4

f[data_] := Total[#1*Exp[-((x - #2)^2/(2 #3^2))] & @@@ data]; f[{{A, mx, sigma}}] f[{{A, mx, sigma}, {A2, mx2, sigma2}}] Use Function, Apply and Total.

4

Also just for fun (in case you don't like to solve equations): cp = ContourPlot[x^2 + y^2 == (2 x^2 + 2 y^2 - x)^2, {x, -1, 2}, {y, -1, 1}, AspectRatio -> Automatic]; x = Cases[cp, {_Real, _Real}, Infinity]; points = Point /@ {Take[SortBy[x, First], 2], First@SortBy[x, Last], Last@SortBy[x, First], Last@SortBy[x, Last]}; Show[cp, ...

4

Mathematica does not automatically calculate the quantile (or InverseCDF) for arbitrary distributions. You need to do it. xd = ExponentialDistribution[1]; (* use exact argument *) yd = ExponentialDistribution[5]; (* use exact argument *) td = TransformedDistribution[ x/(x + y), {x \[Distributed] xd, y \[Distributed] yd}]; quantile[q_] = z /. ...

3

When you use the syntax f[x_]:= ... in Mathematica, you are not defining a function f. You are defining a pattern-replacement rule. The documentation and the users tend to be vague or misleading or just incorrect about this point. Of course you can define "function" as something quite to your liking and ignore the protestations of mathematicians, ...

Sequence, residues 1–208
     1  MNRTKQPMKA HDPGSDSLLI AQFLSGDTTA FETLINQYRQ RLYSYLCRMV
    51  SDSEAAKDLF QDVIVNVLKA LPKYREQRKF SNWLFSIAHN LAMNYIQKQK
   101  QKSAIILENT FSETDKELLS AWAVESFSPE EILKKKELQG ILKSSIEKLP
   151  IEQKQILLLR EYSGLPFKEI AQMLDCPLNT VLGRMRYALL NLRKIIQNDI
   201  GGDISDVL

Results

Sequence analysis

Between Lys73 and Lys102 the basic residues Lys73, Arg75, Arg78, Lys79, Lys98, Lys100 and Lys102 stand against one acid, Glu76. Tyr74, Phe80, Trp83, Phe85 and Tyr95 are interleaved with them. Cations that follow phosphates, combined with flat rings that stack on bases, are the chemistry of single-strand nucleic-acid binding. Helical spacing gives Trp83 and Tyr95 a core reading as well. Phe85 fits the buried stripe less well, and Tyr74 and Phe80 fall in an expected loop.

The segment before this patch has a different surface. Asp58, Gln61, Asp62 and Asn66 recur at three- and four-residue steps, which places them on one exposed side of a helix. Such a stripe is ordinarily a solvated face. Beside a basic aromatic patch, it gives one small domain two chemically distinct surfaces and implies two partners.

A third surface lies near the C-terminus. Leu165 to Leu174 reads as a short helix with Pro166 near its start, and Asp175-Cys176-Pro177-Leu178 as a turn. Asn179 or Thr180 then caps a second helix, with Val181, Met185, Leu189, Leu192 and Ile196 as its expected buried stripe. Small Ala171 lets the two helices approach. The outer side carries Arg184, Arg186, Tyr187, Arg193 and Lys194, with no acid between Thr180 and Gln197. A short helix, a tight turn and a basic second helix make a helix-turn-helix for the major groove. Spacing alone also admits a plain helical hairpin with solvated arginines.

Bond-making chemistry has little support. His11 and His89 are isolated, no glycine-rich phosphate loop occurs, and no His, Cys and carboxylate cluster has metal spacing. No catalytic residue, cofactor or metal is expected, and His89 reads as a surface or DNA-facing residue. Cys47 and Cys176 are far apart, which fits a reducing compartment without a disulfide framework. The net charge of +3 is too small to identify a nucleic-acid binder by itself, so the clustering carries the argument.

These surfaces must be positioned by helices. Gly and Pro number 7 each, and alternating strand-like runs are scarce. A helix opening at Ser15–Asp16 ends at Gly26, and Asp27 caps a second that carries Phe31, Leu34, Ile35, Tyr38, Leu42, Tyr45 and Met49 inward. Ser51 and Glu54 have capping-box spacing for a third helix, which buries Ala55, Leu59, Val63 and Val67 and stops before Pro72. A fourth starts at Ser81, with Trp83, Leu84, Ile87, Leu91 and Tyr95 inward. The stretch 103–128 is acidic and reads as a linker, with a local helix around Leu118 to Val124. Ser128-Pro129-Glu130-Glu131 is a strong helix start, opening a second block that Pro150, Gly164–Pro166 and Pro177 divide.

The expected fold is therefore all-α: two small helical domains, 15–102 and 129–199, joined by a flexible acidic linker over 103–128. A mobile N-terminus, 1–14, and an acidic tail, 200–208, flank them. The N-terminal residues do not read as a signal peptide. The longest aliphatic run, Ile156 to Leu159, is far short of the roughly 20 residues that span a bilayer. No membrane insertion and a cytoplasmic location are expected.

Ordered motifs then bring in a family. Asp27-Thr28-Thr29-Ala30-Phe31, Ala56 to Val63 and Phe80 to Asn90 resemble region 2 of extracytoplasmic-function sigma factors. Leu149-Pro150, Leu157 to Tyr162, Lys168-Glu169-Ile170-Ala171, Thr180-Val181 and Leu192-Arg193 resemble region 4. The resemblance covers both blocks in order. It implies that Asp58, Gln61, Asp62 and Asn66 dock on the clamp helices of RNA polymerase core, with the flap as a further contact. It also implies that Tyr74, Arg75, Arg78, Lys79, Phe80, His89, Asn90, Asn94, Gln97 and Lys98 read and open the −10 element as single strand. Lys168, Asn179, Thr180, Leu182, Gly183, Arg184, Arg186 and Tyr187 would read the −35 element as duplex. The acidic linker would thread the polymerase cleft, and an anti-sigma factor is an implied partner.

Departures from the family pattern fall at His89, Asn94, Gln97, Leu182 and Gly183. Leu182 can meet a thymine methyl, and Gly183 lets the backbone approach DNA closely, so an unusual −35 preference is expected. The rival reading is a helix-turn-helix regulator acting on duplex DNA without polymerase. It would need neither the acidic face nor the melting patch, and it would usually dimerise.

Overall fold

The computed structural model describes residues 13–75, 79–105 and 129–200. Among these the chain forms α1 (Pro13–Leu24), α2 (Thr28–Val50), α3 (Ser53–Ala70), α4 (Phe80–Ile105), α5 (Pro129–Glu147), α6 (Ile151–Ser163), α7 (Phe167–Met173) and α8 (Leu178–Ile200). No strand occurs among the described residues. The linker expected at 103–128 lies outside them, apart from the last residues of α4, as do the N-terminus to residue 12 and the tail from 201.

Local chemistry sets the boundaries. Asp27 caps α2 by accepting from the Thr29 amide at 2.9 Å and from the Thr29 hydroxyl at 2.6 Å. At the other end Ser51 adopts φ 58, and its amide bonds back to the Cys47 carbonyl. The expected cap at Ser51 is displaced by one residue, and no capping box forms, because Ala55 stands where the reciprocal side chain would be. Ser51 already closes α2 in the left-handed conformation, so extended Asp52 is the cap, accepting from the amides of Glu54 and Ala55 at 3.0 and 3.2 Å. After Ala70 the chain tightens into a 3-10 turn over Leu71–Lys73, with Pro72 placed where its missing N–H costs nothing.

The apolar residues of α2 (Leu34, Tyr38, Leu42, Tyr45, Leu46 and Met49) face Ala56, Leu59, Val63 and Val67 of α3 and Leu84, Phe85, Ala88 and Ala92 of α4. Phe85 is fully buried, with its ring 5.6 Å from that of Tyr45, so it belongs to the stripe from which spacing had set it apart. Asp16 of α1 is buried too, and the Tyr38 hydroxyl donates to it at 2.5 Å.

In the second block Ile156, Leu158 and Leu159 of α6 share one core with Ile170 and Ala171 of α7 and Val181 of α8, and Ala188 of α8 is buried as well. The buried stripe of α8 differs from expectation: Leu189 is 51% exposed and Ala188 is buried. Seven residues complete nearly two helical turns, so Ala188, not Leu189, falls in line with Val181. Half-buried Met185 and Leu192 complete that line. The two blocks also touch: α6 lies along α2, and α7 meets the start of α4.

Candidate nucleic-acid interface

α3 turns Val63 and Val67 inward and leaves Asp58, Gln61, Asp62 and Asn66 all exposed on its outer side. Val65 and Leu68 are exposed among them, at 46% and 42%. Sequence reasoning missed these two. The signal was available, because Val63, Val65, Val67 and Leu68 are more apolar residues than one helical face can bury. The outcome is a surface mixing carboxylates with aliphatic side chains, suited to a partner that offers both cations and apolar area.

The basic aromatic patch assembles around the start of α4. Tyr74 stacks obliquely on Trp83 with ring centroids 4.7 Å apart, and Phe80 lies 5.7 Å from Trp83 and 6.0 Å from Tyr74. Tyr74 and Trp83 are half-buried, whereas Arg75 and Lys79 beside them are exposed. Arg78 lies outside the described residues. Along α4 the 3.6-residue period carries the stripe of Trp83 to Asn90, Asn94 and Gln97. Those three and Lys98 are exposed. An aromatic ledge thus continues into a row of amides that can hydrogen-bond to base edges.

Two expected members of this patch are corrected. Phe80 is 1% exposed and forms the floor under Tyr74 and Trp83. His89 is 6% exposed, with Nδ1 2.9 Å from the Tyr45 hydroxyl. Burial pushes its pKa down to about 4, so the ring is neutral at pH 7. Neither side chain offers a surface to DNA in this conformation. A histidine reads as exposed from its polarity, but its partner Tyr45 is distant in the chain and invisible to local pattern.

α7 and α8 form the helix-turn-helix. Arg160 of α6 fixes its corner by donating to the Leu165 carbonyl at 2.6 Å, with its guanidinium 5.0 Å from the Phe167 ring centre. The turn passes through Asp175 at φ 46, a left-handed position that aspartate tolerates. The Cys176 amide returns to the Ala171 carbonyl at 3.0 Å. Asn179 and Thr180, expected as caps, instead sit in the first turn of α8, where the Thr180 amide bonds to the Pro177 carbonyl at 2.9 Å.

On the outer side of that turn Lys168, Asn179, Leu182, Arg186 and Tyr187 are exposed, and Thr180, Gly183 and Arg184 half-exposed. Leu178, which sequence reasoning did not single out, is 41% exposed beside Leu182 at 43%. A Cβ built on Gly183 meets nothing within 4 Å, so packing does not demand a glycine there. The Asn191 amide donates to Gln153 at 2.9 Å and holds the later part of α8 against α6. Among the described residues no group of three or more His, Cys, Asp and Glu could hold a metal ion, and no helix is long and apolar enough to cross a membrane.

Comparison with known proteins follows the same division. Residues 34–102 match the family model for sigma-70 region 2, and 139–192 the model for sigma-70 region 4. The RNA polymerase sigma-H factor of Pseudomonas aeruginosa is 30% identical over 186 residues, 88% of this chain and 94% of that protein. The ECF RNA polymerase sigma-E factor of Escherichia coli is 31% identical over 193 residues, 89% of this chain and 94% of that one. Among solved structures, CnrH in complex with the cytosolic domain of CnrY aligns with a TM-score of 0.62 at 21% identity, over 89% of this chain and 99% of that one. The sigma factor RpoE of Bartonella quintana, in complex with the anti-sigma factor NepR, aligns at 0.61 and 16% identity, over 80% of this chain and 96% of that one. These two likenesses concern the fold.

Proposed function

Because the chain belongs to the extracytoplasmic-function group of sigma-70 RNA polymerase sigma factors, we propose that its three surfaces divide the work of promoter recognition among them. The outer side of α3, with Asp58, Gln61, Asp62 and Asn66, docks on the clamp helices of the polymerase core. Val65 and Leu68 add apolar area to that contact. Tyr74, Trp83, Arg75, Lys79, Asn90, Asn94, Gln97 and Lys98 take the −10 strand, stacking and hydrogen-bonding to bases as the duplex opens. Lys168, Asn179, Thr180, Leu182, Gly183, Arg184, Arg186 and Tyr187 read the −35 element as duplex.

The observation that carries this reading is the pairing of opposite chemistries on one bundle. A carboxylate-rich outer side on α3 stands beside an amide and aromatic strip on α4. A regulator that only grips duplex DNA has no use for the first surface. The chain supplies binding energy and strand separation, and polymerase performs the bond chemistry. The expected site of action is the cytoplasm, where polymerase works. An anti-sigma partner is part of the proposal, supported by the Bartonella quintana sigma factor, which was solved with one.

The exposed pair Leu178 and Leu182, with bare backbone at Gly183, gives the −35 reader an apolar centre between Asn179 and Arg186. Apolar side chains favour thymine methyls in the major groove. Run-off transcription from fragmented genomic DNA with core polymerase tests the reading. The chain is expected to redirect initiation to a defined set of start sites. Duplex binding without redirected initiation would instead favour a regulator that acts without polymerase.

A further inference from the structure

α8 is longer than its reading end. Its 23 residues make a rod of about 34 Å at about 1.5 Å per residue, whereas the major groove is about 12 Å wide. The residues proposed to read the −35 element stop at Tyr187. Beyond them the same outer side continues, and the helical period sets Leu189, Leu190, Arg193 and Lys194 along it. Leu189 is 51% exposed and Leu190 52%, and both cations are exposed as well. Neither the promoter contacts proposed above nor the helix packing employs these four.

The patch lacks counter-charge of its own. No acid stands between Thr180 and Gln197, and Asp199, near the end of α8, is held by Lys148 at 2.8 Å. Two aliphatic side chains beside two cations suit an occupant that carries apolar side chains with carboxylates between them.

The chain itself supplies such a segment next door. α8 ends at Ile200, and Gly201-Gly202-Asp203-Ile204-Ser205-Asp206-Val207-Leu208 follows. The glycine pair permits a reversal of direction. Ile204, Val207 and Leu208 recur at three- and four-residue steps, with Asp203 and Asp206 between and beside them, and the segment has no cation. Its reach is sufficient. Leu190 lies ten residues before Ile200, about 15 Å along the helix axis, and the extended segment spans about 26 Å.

3

I post this just for fun. It does not address the general question of maximizing implicit function but Kuba has shown how to maximize y subject to constraint f(x,y). The problem can (with a small amount of manipulation) converted to explicit polar form: $r=0.5(cos\theta+1)$. Using this: rho[t_] := (Cos[t] + 1)/2; ycrit = Solve[D[Cos[u] Sin[u] + Sin[u], u] ...

3

In order to apply a function to every element we can use Map with the level specification: Map[If[MemberQ[keep, #], #, 100] &, matrix, {2}] Another option using the Listable attribute: Function[{x}, If[MemberQ[keep, x], x, 100], Listable]@matrix; This turned out to be a lot slower though. I ran these on Michael E2's test case and the Listable ...